- If you sell a stock on an initial transition out of the overbought region and the move is only the first of many into and out of the overbought region, then you are foregoing substantial gains by selling a stock earlier than necessary.
- Conversely, keeping a stock that had a trending up period but which is currently deviating from the prior trend can expose a position to substantial loss of previously accumulated gains.
This tip demonstrates some trading rules and how to implement them with T-SQL that you may find useful for dealing with the preceding two issues.
Before closing this section, it may be useful to raise some additional points. There are other kinds of deviations from the simple trading model of buy when RSI transitions out of oversold and sell when RSI leaves overbought. For example, a move out of an oversold region may have less significance if the long-term or intermediate-term trend for a stock is down rather than up. Also, you may find it beneficial to buy stocks when a stock's RSI value troughs and starts to move up although the bottom is above the oversold region. These and similar kind of matters are beyond the scope of this tip because they bear on how to trade stocks based on their RSI values. This tip is merely concerned with presenting a framework for evaluating the relationships between RSI value changes and stock price changes for different sets of trading rules.
Reviewing prior buy and sell recommendations
A simple way to start analyzing the relationship of RSI values to stock prices is to examine a table with records showing RSI values and stock prices when RSI values transition out of an oversold or an overbought range. The following screen shot shows edited results for such a table; the displayed table is from the prior RSI tip for Microsoft Corporation (MSFT) stock. The editing is restricted to color coding, formatting for numeric and currency values and the extraction of summary information in columns H and I.
Aside from the formatting changes, the results in the screen shot below are directly from a T-SQL query available from the prior tip that searches a table of RSI values and close prices for instances where RSI values either leave oversold or leave overbought value ranges for the MSFT stock symbol. The source data are from the AllNasdaqTickerPricesfrom2014into2017 database, which is available in a full version and an abbreviated version from MSSQLTips.com. To reproduce the results displayed in the screen shot, you will need to run a script for creating and populating the rsi table in the database and run another query for searching the rsi table; these scripts are available as a download from the prior RSI tip. An Excel workbook file (rsi_buys_and_sells_refine.xlsx) contains the worksheet displayed below as well as worksheets for five other stocks reported on in the prior tip.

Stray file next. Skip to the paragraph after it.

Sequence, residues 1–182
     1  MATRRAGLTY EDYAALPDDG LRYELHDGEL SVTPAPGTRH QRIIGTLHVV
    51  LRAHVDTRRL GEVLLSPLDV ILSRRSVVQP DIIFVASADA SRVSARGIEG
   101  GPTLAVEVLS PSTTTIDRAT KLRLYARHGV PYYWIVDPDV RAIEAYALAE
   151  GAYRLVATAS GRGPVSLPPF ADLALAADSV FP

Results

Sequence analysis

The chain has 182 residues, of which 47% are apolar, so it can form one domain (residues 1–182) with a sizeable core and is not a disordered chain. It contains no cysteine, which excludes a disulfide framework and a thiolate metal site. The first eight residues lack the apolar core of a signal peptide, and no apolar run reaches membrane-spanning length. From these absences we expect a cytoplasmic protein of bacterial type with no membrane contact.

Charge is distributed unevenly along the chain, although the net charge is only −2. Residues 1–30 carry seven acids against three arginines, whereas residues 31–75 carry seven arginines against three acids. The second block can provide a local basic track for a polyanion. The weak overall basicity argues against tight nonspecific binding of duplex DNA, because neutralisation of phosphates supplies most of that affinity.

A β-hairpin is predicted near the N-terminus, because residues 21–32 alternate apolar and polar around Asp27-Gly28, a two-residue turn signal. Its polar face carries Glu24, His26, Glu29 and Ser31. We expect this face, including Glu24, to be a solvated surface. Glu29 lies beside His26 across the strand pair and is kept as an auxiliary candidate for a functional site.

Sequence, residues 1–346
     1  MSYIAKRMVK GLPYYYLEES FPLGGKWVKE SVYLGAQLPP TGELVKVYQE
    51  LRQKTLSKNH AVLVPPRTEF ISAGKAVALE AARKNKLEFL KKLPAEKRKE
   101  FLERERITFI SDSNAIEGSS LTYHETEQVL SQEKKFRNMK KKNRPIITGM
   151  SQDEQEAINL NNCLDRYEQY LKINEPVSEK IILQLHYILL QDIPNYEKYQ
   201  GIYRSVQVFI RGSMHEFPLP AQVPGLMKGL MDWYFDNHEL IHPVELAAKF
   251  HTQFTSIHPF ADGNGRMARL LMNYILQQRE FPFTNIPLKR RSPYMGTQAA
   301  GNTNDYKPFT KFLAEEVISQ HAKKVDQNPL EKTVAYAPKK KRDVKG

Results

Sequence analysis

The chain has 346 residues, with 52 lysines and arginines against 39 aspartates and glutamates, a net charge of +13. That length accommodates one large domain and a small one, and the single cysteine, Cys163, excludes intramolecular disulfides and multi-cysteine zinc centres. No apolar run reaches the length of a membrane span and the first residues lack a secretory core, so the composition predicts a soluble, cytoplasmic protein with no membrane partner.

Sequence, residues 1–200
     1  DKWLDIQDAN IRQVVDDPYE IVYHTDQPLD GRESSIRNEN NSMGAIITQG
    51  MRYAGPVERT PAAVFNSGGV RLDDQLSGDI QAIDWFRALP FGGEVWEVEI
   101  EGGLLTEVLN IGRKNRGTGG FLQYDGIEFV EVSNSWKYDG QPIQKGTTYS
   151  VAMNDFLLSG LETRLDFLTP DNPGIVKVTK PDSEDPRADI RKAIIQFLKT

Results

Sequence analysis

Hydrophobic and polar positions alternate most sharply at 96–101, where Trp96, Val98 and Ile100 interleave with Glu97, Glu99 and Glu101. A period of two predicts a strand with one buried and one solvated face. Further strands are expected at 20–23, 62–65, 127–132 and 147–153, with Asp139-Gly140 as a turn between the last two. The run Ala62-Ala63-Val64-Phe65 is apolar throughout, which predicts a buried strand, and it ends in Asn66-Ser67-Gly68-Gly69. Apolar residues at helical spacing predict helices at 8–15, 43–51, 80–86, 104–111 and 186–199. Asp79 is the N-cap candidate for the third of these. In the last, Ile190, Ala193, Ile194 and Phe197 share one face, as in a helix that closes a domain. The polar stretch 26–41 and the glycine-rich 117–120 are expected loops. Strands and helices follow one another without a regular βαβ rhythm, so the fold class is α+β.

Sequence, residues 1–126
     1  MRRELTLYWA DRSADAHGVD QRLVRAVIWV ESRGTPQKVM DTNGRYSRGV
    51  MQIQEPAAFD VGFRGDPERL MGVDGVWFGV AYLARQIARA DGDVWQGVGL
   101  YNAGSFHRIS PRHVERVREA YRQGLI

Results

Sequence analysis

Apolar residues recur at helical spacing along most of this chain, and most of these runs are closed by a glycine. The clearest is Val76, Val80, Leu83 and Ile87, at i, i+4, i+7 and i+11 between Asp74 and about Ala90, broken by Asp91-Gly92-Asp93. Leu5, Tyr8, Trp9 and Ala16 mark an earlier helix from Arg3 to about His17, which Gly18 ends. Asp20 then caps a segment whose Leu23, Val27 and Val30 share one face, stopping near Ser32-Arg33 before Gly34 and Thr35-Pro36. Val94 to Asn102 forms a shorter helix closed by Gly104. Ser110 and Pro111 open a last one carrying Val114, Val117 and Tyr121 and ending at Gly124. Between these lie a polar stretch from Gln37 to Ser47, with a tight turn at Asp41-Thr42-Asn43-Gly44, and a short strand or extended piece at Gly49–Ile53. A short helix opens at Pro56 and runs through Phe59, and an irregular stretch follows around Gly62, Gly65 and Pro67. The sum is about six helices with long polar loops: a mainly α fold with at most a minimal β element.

The query results start in row 2. The date values (column B) denote when a transition occurred. The source values (column F) indicate the type of transition. The rsi and rsi_lag_1 values (columns C and D) reveal the RSI values on the date of the transition and the day before the transition. Finally, the close values are for the closing stock price on the date of the transition. The color coding is as follows:
- Yellow is for the first leaves oversold date of a reversal cycle. You can think of the date from this record as the beginning date of a reversal cycle.
- Green and beige are for the leaves overbought dates.
- Green is for the first overbought date in a reversal cycle.
- Beige is for the last overbought date in a reversal cycle.
- When a leaves overbought record is both the first date and the last date for a leaves overbought record within a reversal cycle, it has a green color.
Scrutiny of the results in the screen shot leads to the discovery of both consecutively repeating instances of leaves oversold and leaves overbought records.
- For example, rows two and three show a leaves oversold records. Notice that the close price declines from $42.01 in row two to $41.28 in row three.
- A series of consecutive leaves overbought records appear in rows eight through fifteen. In this case,
- the close price is $56.19 on row eight and
- the close price is $73.79 on row fifteen.
You can examine other worksheets within the rsi_buys_and_sells_refine.xlsx workbook file for additional examples of trending for five other stock symbols. The code reviewed in the next section will take advantage of trending for close prices to refine the selection of a sell date in contrast to just picking the first overbought record in a reversal cycle.
- It is relatively easy to designate the date for the first leaves overbought record.
- As mentioned previously, there is no clear signal that reveals when the last leaves overbought record in a trending series occurs.